GET: Mini-Ethnographies

Further to Adam’s post on writing suggestions for the GET mini-ethnographies here are some more detailed guidelines.

At its most simplistic, an ethnography (noun version) is a written account of a culture based on first hand interaction. It is an attempt to both understand and give an account of another culture from the “native’s” point of view—that is from the view of the person living in that culture. Ethnographies tend to cover all aspects of a culture from traditions, to family, to religion, etc. For this paper you are going to write a “mini” ethnography. You are expected to use the information you gained through first-hand interaction with your partner(s) and their classmates to write a short ethnographic account about a particular aspect of your partner’s culture. You may write on any aspect of your partner country’s culture that you choose, but keep in mind, since you must get the information from your partner and his/her classmates, it must be something that they are willing to talk about.

For this paper, you should explore the topic of your choice in depth. To get the information you need, you, as the ethnographer, must use ethnographic inquiry to get the information required. That is, ask your partner and his/her classmates lots of questions about the topic. When they answer those questions, ask them to further explain and elaborate. The idea behind this is to get a good understanding of not just what is going on in the other society, but why it is the way it is. You will be able to do some of this through your chat sessions and video linking, but e-mail interaction will also be an important tool for this task.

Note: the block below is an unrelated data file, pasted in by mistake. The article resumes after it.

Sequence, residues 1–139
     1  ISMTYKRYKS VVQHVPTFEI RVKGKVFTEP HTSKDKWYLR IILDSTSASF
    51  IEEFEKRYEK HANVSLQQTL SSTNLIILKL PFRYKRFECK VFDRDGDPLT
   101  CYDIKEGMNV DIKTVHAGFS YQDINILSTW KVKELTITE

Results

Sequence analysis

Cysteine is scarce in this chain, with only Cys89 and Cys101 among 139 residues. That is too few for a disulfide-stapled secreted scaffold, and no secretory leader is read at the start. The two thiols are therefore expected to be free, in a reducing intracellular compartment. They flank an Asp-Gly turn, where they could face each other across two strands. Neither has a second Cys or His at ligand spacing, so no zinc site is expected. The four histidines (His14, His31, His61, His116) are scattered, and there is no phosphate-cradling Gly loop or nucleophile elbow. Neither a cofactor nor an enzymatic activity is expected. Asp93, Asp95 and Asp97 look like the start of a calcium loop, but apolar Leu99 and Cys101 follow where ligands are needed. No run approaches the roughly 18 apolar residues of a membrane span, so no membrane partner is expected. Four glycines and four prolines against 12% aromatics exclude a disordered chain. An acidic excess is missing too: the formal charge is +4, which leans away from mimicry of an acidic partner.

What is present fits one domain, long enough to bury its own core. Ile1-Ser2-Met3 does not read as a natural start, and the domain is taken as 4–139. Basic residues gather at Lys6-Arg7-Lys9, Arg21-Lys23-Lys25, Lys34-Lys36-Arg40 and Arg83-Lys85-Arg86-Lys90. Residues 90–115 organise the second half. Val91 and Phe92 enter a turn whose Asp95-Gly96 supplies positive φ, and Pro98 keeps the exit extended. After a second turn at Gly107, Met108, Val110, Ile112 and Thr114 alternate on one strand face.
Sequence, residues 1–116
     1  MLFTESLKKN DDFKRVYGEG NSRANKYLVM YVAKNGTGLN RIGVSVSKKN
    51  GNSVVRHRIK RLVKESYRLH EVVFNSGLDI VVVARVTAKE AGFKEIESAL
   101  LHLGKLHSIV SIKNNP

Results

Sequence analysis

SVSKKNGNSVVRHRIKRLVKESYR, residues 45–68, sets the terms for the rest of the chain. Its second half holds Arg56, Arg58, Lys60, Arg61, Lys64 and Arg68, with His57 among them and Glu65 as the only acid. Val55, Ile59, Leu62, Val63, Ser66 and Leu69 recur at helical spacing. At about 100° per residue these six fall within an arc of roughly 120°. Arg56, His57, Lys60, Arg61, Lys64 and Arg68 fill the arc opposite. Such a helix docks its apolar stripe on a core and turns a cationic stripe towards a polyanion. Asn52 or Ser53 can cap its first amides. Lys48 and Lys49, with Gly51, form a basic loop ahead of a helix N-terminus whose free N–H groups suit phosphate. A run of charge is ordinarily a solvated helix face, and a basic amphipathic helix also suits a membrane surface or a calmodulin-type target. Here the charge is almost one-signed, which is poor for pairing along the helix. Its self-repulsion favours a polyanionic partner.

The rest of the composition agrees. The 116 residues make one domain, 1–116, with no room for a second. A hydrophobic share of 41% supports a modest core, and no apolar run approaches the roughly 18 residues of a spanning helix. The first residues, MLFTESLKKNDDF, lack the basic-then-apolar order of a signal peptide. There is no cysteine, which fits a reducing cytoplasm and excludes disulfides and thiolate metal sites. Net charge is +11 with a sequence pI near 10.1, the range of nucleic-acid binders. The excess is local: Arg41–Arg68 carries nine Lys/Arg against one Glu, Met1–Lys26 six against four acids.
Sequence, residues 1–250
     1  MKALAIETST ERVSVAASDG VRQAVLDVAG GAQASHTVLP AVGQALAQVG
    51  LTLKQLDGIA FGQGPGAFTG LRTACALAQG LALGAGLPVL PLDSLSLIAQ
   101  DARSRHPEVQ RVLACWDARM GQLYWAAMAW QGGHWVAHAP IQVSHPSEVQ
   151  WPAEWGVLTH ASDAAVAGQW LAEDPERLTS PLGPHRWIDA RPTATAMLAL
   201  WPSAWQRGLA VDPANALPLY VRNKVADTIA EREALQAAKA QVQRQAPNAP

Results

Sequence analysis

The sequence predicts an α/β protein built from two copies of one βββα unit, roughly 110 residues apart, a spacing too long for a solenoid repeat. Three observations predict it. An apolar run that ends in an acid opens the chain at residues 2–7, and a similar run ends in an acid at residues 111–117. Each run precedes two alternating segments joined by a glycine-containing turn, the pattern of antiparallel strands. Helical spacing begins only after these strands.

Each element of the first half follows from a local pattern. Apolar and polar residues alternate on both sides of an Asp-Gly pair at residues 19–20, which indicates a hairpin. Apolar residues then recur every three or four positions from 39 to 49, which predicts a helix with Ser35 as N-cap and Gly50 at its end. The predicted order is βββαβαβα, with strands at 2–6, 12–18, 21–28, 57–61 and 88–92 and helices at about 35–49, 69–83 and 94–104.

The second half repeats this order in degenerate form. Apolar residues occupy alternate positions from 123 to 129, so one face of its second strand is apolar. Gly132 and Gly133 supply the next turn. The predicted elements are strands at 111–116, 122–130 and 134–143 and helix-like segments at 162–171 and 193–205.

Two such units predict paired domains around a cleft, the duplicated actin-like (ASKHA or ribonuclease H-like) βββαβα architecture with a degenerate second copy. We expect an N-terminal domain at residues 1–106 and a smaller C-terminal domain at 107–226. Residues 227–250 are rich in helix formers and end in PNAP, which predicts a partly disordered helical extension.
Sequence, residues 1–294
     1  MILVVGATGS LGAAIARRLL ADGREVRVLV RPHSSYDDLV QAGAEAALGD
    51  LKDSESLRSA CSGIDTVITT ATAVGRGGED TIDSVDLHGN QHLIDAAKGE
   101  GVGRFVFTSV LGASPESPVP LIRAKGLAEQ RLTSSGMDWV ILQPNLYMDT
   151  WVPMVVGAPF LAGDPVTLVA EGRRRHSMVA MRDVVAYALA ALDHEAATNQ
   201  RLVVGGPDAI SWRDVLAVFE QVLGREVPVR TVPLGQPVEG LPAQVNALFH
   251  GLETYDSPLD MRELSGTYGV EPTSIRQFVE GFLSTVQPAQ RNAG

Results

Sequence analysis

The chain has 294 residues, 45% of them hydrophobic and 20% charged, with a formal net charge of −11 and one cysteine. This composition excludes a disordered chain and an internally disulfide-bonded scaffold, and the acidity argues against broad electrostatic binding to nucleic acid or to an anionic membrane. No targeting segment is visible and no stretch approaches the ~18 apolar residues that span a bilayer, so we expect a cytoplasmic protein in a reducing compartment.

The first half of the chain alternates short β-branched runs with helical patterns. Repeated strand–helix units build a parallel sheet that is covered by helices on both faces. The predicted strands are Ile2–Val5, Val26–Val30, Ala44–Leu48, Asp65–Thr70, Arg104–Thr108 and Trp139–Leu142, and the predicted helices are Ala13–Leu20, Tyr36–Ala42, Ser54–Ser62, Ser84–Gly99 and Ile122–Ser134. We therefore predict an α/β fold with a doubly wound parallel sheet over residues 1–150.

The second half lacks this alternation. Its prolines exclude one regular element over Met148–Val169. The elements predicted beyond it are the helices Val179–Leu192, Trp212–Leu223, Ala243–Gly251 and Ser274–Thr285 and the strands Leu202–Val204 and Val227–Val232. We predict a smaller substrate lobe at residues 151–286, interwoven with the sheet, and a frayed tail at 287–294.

The paper will be no longer than 3 (double-spaced) pages. Here is a general guideline for the format of the paper—keep in mind, these are only guidelines:

  • General introduction to topic and country (1 -2 paragraphs)
  • Descriptive and explanatory account of the topic in question. (1.5 – 2 pages): What is going on here? Why is this important? How do they explain it? What does it mean to them?
  • Reflection and Conclusion (1 – 1.5 pages)How does this particular topic you covered help us understand their culture in general? How does it compare to what you are used to?

Once you complete your paper submit a copy to your T.A.  and send a copy to your partner (be sure to CC your T.A. on this e-mail). Your partner should then write a short response to your paper (a few paragraphs is fine—this can be done through e-mail) in which they evaluate your paper and explain what parts you got right and what parts you misunderstood or need clarification. Your professor will also provide you with feedback. Once you get this feedback, you are then to rewrite your original paper to address the issues your partner and T.A. raised and resubmit that final draft along with your partner’s comments to your T.A.


Guidelines for GET Ethnography

Hi GET students,
Here are some brief guidelines to consider while writing your frist drafts this weekend:

1) Keep it to 3 pages max. double spaced, Times New Roman font, 1 inch margins
2) Keep it focused. Remember, you only have 3 pages so the more focused your discussion is, the better.
3) Make it anthropological. The best way to ensure that you aren’t merely writing a biographical sketch or your partners is to connect your discussion to the larger anthropological concepts we have been introduced to in either of the course ethnographies, the text book, or in lecture.

Here is my email address for submitting them:


Video about the Global Encounters Tutorial Option

Click on this link to see a short video about the global encounters tutorial produced by U.Michigan’s online TV program: Global Encounters -the view from Michigan.

Schedule of GET Options meetings:  all occur at 4:00pm; room TBA.   This schedule will replace the standard tutorial schedule for GET Option students.  Once you have selected this option we will take you out of your current tutorial and enroll you in the GET Option tutorial.

  • Sept. 15 Intro
  • Sept. 20 UBC-UofM (College Life)
  • Sept. 22 UBC-UofM (Culture/Traditions)
  • Sept. 27 UBC-UofM (Religion/Values)
  • Sept. 29 UBC-UofM (Stereotypes/Discrimination)
  • Oct. 6  UBC-SNU (College Life)
  • Oct. 13 UBC-SNU (Culture/Traditions)
  • Oct. 18 UBC-SNU (Religion/Values)
  • Oct. 20 UBC-SNU (Stereotypes/Discrimination)
  • Nov. 10 General Discussion
  • Nov. 24 General Discussion